Top News

WENDY ROSE: Local African rhythms, pop rock The Ship

Katapa from left: Jeik Kalunga Loksa, Leni Smitts, Anthony Tucker, Aneirin Thomas. (Not pictured: Craig Penney) — Photo by Songyang Wang
Katapa from left: Jeik Kalunga Loksa, Leni Smitts, Anthony Tucker, Aneirin Thomas. (Not pictured: Craig Penney) — Photo by Songyang Wang - Contributed

When an event boasting “local African pop” floated across my Facebook newsfeed, I immediately clicked “attending” — to learn that St. John’s has not one, but two local bands exploring African rhythms and musical themes, was a very pleasant surprise.

A few friends were also intrigued by the event description, so we headed to The Ship on January 11 to explore the art of Dunungbe and Katapa.

Named for a Malenke (West African) rhythm that marks the beginning of a celebration, Dunungbe kicked off the first set of the night around 10:30 p.m.

The number of drums onstage outnumbered the five members of the percussion ensemble, an impressive sight on The Ship’s small stage.

Creating intricate rhythms with djembes (goblet-shaped hand drums) and doundouns (cylindrical drums, played with drumsticks), Dunungbe immediately entranced listeners, moving through soft and slow rhythms to frenzied and wild beats.

Coincidentally sitting next to band leader Anthony Tucker’s girlfriend, I got the lowdown on the band. Tucker, a drummer since age 10, apparently discovered the djembe after seeing a busker playing the hand drum in British Columbia a couple of decades ago. This interest led to Tucker studying under Guinea’s Malinke Master Drummer Fomoudou Konate.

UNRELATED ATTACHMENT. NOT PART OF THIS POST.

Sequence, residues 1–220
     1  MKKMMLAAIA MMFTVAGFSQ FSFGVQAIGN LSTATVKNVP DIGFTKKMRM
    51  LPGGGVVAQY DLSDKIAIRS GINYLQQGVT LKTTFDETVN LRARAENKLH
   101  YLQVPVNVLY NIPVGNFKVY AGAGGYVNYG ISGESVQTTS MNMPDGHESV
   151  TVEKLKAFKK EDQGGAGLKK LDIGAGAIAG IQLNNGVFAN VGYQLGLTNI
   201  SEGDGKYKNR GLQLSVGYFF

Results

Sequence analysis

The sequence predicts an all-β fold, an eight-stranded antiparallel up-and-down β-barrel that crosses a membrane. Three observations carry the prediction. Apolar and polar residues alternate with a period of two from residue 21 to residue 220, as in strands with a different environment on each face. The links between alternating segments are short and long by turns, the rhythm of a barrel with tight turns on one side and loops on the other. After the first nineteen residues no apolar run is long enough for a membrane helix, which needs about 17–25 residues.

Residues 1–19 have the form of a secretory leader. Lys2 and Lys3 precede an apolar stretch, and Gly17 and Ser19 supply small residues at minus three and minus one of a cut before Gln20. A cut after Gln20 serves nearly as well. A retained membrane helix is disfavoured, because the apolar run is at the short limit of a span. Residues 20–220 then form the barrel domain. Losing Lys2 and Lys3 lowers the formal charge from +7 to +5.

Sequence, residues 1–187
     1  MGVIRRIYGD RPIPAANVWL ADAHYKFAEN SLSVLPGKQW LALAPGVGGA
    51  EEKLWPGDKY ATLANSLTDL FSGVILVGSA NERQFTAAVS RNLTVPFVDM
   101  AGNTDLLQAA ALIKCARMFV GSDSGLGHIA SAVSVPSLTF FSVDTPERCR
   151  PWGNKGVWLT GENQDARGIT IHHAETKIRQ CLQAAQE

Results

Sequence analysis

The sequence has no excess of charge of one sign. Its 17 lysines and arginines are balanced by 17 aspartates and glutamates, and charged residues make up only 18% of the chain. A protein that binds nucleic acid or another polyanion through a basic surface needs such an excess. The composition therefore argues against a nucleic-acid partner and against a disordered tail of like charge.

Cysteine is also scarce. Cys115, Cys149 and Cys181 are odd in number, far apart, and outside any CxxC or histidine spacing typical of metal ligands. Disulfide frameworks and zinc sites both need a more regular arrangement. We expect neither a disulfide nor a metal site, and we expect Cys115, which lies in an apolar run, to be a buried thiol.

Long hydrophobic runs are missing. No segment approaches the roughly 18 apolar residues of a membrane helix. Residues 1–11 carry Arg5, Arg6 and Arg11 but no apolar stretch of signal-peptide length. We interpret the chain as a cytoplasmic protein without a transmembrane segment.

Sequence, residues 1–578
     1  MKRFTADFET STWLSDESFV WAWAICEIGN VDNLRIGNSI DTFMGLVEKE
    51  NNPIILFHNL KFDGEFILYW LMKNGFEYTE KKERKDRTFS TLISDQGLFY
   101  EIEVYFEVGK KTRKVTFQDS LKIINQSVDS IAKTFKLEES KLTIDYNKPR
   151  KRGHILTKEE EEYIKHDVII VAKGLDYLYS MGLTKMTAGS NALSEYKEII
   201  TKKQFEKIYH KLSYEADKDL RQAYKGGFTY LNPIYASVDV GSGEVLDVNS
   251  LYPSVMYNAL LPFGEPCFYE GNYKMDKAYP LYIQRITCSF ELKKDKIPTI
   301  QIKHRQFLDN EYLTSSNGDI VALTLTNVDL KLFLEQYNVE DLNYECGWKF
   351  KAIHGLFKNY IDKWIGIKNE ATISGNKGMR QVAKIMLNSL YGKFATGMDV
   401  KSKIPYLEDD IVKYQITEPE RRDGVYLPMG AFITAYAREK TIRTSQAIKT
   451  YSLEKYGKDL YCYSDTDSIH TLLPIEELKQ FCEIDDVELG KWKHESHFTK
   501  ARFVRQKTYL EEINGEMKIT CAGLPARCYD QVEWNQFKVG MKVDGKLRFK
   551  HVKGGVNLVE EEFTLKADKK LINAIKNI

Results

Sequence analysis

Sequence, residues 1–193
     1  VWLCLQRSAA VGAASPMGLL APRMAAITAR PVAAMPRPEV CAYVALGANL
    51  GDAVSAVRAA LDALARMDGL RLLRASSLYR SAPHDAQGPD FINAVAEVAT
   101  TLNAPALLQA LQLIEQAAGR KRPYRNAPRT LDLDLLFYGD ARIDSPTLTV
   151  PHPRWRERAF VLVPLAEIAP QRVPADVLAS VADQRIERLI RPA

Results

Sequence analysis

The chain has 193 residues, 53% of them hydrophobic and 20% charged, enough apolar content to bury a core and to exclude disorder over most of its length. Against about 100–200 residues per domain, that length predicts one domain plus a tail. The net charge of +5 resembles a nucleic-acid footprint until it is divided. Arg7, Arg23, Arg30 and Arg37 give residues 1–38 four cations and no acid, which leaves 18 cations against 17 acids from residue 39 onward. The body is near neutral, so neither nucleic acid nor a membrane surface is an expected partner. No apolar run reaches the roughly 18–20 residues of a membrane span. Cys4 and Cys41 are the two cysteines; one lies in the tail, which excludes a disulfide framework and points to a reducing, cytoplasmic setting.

Bandmate Erin Holland has a connection to Guinea, too — she studied dance in Guinea.

Dunungbe from left: Tom Alteen, Craig Penney, Anthony Tucker, Burt Power, Erin Holland. — Photo by Songyang Wang

All Dunungbe members are passionate percussionists — Craig Penney has been studying African rhythms for seven years.

Tom Alteen founded Musubi Drum Circles in 2014, hosting public drum groups in the capital city and metro region, and MUN School of Music student Bert Power is a multi-talented percussionist, playing a broad range of genres.

Flying through a short but mighty set, Dunungbe wowed the crowd, inspiring loud cheers when Holland leapt off the stage and started busting out traditional Guinea moves on the dance floor.

The environment was wholly positive and inclusive, and though some may have been put off by a group of five white people playing African music, this didn’t feel like cultural appropriation.

Between bands, Jeik Kalunga Loksa, Angola-born Katapa lead singer and rhythm guitarist, remarked on how wonderful it is to see all kinds of people coming together to celebrate, appreciate and play African music.

African pop band Katapa were next to hit the stage, with Penney and Tucker of Dunungbe playing lead guitar and drums, Aneirin Thomas on bass, and Leni Smits providing backup vocals.

Playing upbeat and groovy songs, Katapa delivered a multicultural experience, playing French songs, a Sudani mambo, Nigerian music, “super reggae,” and more, inspiring the crowd to fill the dance floor and boogie down.

I later learned that Katapa was formed around six months ago, and has played less than a handful of shows, but this band was definitely not inexperienced — Loksa and Thomas have been playing together for 15 years, and after seeing Katapa’s set, I hope this band has another 15 years in it yet.

The crowd thinned out a bit by 12:30, both bands having played their first sets. We stuck around for another two hours, not wanting to miss Dunungbe and Katapa’s second sets.

I’m already anxious for the next local African pop show in St. John’s!

Recent Stories